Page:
Last Updated on January 22, 2021
New Boiler Cost – How Much Is It? Compare Boiler Prices & Quotes
If you’ve ever run into boiler trouble, the instant feeling of dread won’t be new to you. Beyond the immediate thought of “how much is this going to set me back?” and “how long am I going to be without hot water or heating?”, a broken boiler can be downright dangerous. So, for those of you fortunate enough to have not experienced this yet: the second you start to hear that tapping noise, or even just notice that your water pressure is low, DO NOT IGNORE IT!
Although boilers are much safer these days, even modern systems can be a serious health and safety risk left unattended. As well as the possibility of carbon monoxide through gas leaks and leftover fuel not being fully burned, if enough pressure builds up in the system, a faulty boiler can explode, causing catastrophic damage to the surrounding area and even death. With that in mind, if you have any concerns about your current boiler, don’t wait around.
Calling someone out to repair it is one thing but, as many of us know, this can often become a regular occurrence. Whilst the technicians sent out by your energy suppliers are trained professionals, what they are able to do might turn out to only be a temporary fix. In some cases, you might be charged a call-out fee only for them to come and tell you that you need a new one altogether – so why prolong the inevitable? That being said, how much is a new boiler?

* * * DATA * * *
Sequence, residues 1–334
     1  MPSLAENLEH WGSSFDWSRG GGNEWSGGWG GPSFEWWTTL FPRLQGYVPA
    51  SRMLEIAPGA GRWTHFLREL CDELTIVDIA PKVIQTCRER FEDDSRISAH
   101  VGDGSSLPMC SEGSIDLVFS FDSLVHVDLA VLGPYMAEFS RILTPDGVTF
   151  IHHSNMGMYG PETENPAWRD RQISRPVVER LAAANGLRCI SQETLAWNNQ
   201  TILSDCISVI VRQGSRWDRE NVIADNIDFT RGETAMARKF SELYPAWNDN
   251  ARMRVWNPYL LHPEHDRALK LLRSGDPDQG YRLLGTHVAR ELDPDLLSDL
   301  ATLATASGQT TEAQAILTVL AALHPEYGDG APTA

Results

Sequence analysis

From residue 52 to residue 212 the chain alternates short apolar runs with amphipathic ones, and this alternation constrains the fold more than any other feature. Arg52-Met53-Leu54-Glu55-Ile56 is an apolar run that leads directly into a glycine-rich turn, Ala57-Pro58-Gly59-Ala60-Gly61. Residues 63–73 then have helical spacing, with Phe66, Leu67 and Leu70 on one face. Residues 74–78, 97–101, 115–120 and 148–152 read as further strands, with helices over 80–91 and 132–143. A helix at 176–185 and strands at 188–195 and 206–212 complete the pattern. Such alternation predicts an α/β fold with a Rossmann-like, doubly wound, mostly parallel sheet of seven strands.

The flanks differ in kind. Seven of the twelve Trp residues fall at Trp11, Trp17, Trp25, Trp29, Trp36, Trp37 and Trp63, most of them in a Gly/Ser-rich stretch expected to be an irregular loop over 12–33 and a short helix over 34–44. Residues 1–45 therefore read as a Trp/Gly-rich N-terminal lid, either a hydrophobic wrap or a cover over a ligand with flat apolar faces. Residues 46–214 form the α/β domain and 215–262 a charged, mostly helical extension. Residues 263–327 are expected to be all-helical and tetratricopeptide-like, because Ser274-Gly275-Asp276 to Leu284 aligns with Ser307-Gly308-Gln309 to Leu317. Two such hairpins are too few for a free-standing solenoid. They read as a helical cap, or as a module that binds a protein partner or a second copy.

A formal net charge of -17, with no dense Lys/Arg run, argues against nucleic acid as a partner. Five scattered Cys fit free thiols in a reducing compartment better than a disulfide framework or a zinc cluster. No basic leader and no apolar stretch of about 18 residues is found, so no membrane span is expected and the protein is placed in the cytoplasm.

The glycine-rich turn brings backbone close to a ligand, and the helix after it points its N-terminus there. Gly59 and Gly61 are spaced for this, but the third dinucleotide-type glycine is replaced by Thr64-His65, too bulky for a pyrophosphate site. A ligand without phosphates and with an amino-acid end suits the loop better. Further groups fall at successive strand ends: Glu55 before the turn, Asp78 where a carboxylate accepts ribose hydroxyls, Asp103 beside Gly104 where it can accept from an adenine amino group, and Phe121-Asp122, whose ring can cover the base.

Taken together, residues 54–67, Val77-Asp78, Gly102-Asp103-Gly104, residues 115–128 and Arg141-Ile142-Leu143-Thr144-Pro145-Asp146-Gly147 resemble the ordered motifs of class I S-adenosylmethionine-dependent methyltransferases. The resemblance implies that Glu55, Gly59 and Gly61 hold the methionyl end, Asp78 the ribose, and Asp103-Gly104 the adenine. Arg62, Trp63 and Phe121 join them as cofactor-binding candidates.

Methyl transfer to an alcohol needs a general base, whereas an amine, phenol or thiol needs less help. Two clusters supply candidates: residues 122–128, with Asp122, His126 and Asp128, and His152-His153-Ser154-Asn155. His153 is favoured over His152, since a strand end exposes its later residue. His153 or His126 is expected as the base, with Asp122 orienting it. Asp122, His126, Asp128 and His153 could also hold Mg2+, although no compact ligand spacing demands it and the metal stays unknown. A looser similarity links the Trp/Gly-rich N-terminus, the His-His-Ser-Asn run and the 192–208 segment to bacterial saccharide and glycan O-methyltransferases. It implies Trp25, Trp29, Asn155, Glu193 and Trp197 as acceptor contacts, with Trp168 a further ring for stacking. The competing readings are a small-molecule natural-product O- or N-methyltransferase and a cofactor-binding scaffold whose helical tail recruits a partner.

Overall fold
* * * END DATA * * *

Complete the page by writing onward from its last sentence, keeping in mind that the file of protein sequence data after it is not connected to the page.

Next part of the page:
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Let’s compare boiler prices
Whilst this obviously depends on the kind of system you have, the price margin you’re looking at varies from anywhere between approximately £1,000 and £4,000 to replace your boiler. This accounts not only for the new system itself, but the labour costs and installation fee you can expect – but we’ll come on to that shortly.
When you compare boiler quotes, it worth remembering that you don’t have to go through the company you have chosen as your energy provider. For example, external companies like Heatable offer straightforward combi replacement starts from £1,696. In contrast, in scouring the internet, we found that when going through mainstream providers like British Gas, EDF, Utilita and so on, people have been quoted as much £5,000 for a brand new boiler, including the installation fee.
With all-told prices like that, local and/or independent is often the way to go, especially if you aren’t already covered by a supplier’s warranty or home-care plan.
So, let’s look more specifically at how much does a new boiler cost for each type of system:
*Please note, that these are rough estimates and will obviously fluctuate depending on the brand, model, supplier etc.*
In fact, there are a lot of varying factors that will determine how much you end up spending on your new boiler. For instance, even though a conventional, heat-only boiler obviously provides a limited source of energy and can therefore be the cheapest option, depending on how large your home is and the subsequent size of boiler you need to heat it, the price can vary from anywhere between £500 and the top end prices of £3,000+.